Pausanias of Orestis

Pausanias of Orestis (Ancient Greek: Παυσανίας ἐκ τῆς Ὀρεστίδος) was a member of Philip II of Macedon's personal bodyguard (somatophylakes). He assassinated Philip in 336 BC, possibly at the behest of Philip's wife Olympias, or even his son Alexander the Great. Pausanias was killed while fleeing the assassination.

Drawing of Philip II's assassination by artist André Castaigne (c. 1898)

Motive as an assassinEdit

The most popular explanation of the murder comes from Diodorus Siculus, who expanded on its mention by Aristotle. According to Diodorus, the general Attalus blamed Pausanias of Orestis for the death of his friend, who confusingly was also named Pausanias. Philip and Pausanias of Orestis had once been lovers, but the affair ended, and Philip started a new affair with Pausanias, the beloved of Attalus.[citation needed]

Pausanias of Orestis, feeling spurned, insulted his romantic rival Pausanias, Attalus's lover, in public. To secure his public honor, Pausanias, the beloved of Attalus, endangered himself in battle while protecting the king. Devastated by his lover's effective suicide, Attalus sought to punish Pausanias of Orestis by getting him drunk and raping him. For any number of reasons, Philip did not punish Attalus for the rape of Philip's former lover; probably as a consolation, Pausanias of Orestis was promoted to the rank of somatophylax.[1]

It has been supposed then that Pausanias' motive for killing Philip was at least in part due to personal anger over Philip, who was the host of the party where Pausanias was raped, not having intervened in any way, nor even having reprimanded Attalus.[citation needed]

Problems with timing of the revengeEdit

However, there is a problem with the delay between the rape and the revenge: Diodorus supports the attribution of a personal motive to Pausanias, but dates the events that led to the assault on Pausanias to the time of the Illyrian Pleurias, but the last known campaign Philip conducted against the Illyria took place in 344 BC. The correspondence between these dates would put eight years between Pausanias' rape and the murder of Philip – an ostensibly long wait for a hot-blooded act of personal revenge.[citation needed]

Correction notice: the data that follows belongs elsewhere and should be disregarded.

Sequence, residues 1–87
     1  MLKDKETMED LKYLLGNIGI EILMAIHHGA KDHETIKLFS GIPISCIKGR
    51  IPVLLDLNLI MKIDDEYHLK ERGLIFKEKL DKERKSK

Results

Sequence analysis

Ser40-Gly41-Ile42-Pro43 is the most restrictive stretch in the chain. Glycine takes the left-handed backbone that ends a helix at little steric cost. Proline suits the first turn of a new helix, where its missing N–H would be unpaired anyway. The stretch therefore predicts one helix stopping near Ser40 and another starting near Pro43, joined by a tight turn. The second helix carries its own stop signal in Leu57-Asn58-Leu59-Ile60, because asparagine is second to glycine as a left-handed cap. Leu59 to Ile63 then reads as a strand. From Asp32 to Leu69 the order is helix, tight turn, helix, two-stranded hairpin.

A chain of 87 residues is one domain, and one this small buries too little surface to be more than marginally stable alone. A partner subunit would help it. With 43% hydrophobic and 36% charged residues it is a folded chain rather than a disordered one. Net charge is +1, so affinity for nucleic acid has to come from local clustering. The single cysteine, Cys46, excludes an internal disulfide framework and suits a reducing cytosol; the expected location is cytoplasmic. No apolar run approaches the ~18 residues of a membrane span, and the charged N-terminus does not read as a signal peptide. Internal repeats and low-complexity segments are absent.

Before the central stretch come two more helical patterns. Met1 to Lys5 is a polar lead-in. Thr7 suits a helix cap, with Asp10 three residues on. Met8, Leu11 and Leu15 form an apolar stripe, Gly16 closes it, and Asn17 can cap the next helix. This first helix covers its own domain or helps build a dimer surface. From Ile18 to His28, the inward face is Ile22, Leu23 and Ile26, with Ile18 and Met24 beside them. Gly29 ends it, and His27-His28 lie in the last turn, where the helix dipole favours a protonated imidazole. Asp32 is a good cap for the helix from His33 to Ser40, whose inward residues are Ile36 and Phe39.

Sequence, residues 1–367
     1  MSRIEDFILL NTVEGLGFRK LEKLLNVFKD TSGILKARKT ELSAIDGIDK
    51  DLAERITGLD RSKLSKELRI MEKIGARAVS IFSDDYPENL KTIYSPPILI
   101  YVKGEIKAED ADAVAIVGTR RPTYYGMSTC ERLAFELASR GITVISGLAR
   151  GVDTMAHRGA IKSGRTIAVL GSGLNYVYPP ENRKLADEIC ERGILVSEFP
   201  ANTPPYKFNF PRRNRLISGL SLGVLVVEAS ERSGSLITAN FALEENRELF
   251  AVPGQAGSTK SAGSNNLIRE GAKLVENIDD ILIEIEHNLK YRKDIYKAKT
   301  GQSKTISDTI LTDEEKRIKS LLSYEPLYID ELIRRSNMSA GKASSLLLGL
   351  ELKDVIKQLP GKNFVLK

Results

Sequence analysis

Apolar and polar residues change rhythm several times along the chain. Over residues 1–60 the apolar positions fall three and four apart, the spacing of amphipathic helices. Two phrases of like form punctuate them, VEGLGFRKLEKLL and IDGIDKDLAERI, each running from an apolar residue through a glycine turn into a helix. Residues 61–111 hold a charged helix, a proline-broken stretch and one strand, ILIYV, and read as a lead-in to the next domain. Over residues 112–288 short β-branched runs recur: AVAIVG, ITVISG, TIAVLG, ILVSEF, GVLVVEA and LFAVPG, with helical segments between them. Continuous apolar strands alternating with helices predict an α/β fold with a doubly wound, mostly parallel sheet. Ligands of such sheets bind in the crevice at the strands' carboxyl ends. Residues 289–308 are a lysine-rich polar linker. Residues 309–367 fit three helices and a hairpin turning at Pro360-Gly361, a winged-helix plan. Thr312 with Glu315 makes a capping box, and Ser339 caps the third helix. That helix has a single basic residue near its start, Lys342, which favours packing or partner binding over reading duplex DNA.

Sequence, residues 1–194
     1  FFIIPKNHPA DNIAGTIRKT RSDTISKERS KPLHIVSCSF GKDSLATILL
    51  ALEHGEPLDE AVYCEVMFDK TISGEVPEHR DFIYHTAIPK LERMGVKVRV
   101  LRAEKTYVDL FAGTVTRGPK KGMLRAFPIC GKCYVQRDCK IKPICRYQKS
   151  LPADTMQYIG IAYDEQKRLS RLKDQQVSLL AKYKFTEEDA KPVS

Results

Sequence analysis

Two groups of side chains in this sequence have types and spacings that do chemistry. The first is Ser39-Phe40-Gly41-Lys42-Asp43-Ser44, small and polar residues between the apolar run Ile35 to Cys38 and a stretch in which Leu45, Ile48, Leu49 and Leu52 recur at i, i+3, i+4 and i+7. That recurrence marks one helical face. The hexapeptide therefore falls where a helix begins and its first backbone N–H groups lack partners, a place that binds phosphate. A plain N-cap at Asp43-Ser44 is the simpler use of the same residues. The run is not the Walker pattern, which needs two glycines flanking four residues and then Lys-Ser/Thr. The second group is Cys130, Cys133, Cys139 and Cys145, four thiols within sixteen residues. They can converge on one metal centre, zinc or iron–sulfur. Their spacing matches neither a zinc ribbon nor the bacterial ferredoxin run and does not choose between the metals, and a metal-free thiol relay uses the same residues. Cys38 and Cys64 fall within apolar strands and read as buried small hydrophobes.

Killed while fleeing and trial of co-conspiratorsEdit

Pausanias killed Philip at the wedding ceremony of Philip's daughter Cleopatra to Alexander I of Epirus; however, in the aftermath of the murder, whilst fleeing to the city gate in order to make his escape, Pausanias tripped on a vine root and was speared to death by several of Philip's bodyguards, including Attalus, son of Andromenes the Stymphaean, Leonnatus, and Perdiccas, who were also bodyguards and friends of Alexander.[2]

The murder was certainly premeditated, as horses were found near where Pausanias had tried to flee.[3] At the murder trial, two other men, Heromenes and Arrhabaeus, were found guilty of conspiring with Pausanias, and executed. Leonnatus, who threw the spear that killed Pausanias, was demoted, possibly under the suspicion that he was trying to prevent the assassin from being interrogated.[citation needed]

MemorialEdit

Philip's son and successor, Alexander, had Pausanias's corpse crucified. However, as soon as the new king had left Macedon, a memorial to Pausanias was erected by Olympias, Philip's widow and Alexander's mother.[citation needed]

See alsoEdit

ReferencesEdit

  1. ^ Diodorus Siculus 16.93.4-16.94.4; Aristotle, Politics 5.10, 1311b
  2. ^ Diodorus Siculus 16.94.3-4
  3. ^ Justin 9.7.9-11

SourcesEdit

AncientEdit

ModernEdit